If the new file option is chosen, then the keyset module 364 receives 552 a new file name. Then the keyset module 364 displays a window in which the user 340 can select an application module 366 to assign the new keymap file 362. The keyset module 364 receives 560 input selecting the application module 366, and determines 364 whether the application module 366 is already in the table. An application module 366 may have multiple links to different keymap files 362. If the application module 366 is in the table 370, a link to the keymap file 362 is added 367 to the existing application module row. If the application module 366 is not on the table 370, the keymap file 362 is stored 566 in the table 370 in a new column corresponding to the row identifying the specified application module 366. In the multiple keymap file 362 situation, however, user 340 must choose which keymap file 362 to apply upon activating the application module 366 or translator module 368.

FIG. 6 illustrates a preferred graphical user interface 600 to be used in accordance with the present invention. As shown, command boxes 604 are displayed connected to the displays of the programmable buttons 102. By entering a command into the command box 604 connected to a specific button, the command will be executed upon pressing the button 102, as described above. Commands may be entered by typing command names or by pressing the appropriate keyboard, mouse, or game pad button. For example, the display of the directional pad 122 has command boxes for the up, down, left, and right directions. Thus, the user 340 can control the commands issued by the directional pad 122 when pressed in the up, down, left and right areas of the directional pad 122. A key stroke button 608, key macro button 612, and a key range button 616 are also displayed in the interface 600 to allow the user 340 to enable these functions.

FIG. 7a illustrates an embodiment of the execution of the present invention in which keymap files 362 are automatically loaded in conjunction with their corresponding application module 366. A translator module 368 is preferably loaded into memory 312 upon activation of the computer 110. The translator module 368 waits 700 for the activation of an application module 366. Once an application module 366 is activated by the user 340, the translator module 368 identifies 704 the activated application module 366. After identifying the 704 the application module 366, the translator module 368 determines 712 if there is a keymap file 362 corresponding to the application module 366 by searching 708 the table 370 for a matching identification. If a matching application module 366 is found, its associated keymap file 362 is loaded 710 into memory 312.

If the keymap file 362 indicates 714 that the application module 366 requires DVD input, the translator module 368 then waits 716 for the user 340 to use the game pad 100. as shown in FIG. 7b. After a command is entered, the game pad 100 generates a signal in response to the command. If the directional pad 122 was pressed 720, the translator module 368 translates 732 the direction into a mouse command by using the keymap file 362 to translate the directional pad signal into a mouse command. As described above, the translator module 368 knows when the directional pad 122 is pressed based upon comparing received data packets to previous data packets. Once a directional pad movement is detected, the translator module 368 simply examines the table 372 to determine the corresponding mouse command to issue. For example, if the directional pad is pushed “Up”, then the mouse command Mup is sent. The command is sent to the mouse driver 408, and is then transmitted to the application module 366. If a game pad button 102 was pressed, then the game pad 100 generates the unique signal corresponding to the pressed button, and transmits it to the translator module 368 loaded into memory 312. The translator module 368 translates 724 the command in accordance with the assignments stored in the keymap file 362. The translated command is then sent to the computer system 110, which processes the translated command in its normal manner.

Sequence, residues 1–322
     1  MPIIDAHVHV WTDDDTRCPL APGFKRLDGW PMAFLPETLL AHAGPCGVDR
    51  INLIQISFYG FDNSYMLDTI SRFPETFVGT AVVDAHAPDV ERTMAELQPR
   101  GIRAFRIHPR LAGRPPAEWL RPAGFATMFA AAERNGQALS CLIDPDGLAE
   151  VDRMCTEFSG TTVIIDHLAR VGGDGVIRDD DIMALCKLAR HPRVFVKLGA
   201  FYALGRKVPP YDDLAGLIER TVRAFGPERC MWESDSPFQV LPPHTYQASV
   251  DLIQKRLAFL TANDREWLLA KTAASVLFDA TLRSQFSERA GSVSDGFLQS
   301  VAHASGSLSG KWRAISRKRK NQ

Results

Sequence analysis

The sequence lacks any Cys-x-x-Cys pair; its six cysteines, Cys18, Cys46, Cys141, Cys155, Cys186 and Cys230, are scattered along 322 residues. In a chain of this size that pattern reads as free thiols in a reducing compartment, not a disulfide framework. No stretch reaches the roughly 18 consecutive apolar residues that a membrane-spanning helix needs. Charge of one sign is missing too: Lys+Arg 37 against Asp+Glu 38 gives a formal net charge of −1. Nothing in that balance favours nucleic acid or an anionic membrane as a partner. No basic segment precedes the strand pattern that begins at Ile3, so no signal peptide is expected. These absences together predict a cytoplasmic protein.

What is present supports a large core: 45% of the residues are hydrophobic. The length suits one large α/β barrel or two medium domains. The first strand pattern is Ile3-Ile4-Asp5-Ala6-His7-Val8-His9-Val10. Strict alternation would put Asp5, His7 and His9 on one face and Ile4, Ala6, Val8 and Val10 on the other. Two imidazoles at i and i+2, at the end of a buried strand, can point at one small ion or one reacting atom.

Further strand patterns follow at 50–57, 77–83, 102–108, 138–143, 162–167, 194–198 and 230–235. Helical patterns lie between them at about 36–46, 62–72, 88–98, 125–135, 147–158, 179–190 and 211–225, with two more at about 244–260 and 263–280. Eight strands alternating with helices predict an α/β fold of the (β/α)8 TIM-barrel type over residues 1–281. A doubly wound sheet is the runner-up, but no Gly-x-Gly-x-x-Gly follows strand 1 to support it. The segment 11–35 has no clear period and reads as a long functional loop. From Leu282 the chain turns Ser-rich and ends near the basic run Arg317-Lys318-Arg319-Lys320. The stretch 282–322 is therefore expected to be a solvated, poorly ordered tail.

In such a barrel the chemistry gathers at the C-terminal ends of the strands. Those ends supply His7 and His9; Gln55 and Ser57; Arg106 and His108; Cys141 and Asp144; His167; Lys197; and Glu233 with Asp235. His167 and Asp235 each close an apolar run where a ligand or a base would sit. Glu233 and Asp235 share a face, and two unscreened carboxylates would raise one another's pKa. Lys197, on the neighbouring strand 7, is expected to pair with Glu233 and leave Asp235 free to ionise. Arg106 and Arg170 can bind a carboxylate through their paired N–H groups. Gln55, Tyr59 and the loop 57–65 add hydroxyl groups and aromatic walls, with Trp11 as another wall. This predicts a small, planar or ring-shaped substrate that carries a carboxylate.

For example, a DVD-player 332 may have a “Pause” functionality. The DVD-player 332 expects to receive the command “Pause” in a certain protocol, for example, a keyboard command such as Alt-P. In this situation, then a button on the game pad 100, for example, button A, must have been assigned to generated the Alt-P command in accordance with the process illustrated in FIG. 5. The translator module 368 then receives the button A, and searches the keymap file 362 for the button A row, and finds the Alt and P commands are assigned to be generated simultaneously when button A is pressed. The translator module 368 transmits the Alt-P command string to the computer system 110, which processes the command as it would if the user 340 had simply pressed “Alt-P” on the keyboard 401. The DVD-player 332 upon receiving the Alt-P command from the computer system 110 will pause the video.